Cosmetic surgery for words

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I like to think of myself as an Italian cosmetic surgeon for words. Let’s say a word walks into my office and says, “Doctor, I’ve been a noun all of my life. People look at me and think of me as nothing more than a thing. But inside, I feel like I’m a poet. I see things and I want to describe them. Can you help me be an adjective?” Then I say, “You’va come to the right a-place. I’m-a gonna affix you.”

Okay. I know what you are thinking: when did she learn Italian? Well, I was there for three weeks two years ago. Plenty of time to learn the basics.

Prefixes and suffixes are the two most familiar affixes in English, but they shouldn’t be used willy-nilly. You must also know when not to use them. So let’s start with that.

Let’s suppose you have some chocolate and someone in your family discovers where you have hidden it. You have hidden it because you want to protect that person from avarice. We all know that avarice means “an insatiable desire for gain,” and if that family member were to have access to your chocolate, that insatiable desire would cause him or her to gain weight. You hide your chocolate, not because you are greedy, but because you don’t want that person to get any fluffier, and you don’t want to be forced to attach the suffix “-icious” to avarice and call that person avaricious. In this case, you have saved your loved one from being called an ugly name, and equally if not more importantly, you have saved your chocolate.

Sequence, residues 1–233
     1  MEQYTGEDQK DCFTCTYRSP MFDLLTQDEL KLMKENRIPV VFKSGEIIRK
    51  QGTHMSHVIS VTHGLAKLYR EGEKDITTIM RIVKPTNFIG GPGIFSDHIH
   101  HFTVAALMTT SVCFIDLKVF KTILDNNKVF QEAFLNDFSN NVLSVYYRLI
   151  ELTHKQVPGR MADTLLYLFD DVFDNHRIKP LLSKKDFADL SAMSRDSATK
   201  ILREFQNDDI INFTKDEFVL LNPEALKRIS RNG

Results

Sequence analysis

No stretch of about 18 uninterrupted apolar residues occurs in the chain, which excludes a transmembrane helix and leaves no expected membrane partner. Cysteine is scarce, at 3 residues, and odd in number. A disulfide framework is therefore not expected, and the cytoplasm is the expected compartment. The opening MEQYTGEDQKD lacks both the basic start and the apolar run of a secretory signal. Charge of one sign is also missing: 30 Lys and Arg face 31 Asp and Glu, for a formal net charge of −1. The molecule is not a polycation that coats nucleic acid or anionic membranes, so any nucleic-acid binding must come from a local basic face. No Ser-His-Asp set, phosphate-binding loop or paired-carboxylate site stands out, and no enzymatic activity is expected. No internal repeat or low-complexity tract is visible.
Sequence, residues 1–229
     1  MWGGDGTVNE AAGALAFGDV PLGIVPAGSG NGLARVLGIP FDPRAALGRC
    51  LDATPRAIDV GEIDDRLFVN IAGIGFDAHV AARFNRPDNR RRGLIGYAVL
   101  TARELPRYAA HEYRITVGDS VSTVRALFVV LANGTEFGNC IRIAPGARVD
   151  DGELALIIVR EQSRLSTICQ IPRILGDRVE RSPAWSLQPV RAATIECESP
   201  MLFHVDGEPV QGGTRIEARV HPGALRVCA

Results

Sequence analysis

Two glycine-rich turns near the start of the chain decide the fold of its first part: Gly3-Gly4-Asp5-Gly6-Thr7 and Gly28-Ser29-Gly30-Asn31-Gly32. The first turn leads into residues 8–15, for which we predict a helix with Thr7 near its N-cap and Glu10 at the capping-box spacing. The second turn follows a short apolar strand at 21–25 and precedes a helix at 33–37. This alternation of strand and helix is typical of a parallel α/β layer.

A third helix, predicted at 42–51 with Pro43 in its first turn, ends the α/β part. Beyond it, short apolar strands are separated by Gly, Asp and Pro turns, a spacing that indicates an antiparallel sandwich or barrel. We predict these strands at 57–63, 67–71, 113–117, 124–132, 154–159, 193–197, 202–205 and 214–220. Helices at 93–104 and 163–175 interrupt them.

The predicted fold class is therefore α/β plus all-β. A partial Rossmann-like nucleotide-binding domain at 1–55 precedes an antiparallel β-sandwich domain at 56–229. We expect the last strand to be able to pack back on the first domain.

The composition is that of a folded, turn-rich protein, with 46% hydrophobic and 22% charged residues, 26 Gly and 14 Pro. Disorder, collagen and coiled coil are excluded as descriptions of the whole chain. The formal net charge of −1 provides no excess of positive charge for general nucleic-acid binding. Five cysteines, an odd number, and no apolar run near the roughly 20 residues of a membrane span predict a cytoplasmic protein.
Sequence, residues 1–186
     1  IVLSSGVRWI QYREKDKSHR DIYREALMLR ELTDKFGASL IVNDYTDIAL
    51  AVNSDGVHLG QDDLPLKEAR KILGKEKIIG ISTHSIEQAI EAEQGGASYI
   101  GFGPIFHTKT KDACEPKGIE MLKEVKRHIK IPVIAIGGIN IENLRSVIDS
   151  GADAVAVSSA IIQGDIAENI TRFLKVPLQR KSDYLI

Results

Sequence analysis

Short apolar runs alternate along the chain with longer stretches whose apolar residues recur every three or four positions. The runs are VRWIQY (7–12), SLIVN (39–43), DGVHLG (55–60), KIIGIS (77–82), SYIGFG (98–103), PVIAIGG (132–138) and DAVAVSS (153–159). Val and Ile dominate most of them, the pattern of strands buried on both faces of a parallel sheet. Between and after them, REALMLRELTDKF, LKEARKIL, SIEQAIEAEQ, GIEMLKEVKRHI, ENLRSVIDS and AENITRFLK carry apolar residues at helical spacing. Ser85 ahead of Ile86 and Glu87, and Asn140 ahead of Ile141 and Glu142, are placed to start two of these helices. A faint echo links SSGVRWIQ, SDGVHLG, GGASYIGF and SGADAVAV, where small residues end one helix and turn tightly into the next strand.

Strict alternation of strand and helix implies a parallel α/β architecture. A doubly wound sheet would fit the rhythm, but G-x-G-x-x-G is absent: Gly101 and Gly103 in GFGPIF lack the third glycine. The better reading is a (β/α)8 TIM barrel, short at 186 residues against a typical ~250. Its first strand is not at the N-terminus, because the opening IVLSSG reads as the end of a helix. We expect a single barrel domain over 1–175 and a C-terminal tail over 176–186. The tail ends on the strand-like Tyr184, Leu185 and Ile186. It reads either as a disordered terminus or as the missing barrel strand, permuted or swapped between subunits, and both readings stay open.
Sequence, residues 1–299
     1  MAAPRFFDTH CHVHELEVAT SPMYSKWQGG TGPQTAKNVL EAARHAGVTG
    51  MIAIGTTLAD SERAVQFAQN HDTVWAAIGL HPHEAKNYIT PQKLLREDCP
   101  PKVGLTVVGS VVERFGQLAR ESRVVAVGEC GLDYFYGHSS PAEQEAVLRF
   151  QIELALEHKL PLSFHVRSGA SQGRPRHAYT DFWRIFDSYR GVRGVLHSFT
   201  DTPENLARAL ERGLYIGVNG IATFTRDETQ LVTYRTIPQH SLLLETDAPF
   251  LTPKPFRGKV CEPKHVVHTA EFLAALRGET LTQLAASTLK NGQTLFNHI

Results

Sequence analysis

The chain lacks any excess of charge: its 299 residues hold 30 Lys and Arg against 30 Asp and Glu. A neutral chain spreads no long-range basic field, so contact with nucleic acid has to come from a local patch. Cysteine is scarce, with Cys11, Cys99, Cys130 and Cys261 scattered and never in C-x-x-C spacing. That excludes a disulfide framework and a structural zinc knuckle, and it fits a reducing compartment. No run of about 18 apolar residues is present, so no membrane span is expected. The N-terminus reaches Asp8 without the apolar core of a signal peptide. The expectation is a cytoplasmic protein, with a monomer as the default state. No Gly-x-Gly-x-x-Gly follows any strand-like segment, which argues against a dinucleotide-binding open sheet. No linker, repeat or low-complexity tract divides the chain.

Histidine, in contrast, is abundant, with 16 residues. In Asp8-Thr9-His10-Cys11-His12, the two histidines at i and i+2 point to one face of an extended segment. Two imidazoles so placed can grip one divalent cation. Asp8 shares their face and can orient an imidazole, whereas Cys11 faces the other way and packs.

In our second scenario, your loved one has gone to the store for milk. You are almost out and that makes you anxious because you need it for your next cup of coffee. To deal with the anxiety, you remove your chocolate from the new hiding place in the bottom pull-out drawer in the pantry, take it out of the empty coffee can, which your loved one never opens because he doesn’t like coffee, and savor it with your coffee and the last of the milk. In your chocolate euphoria, you search your mind for a word to describe what you are feeling, and there is “-icious,” whispering to you that it means “full of.” You savor the word; you are chocolicious. You are full of it.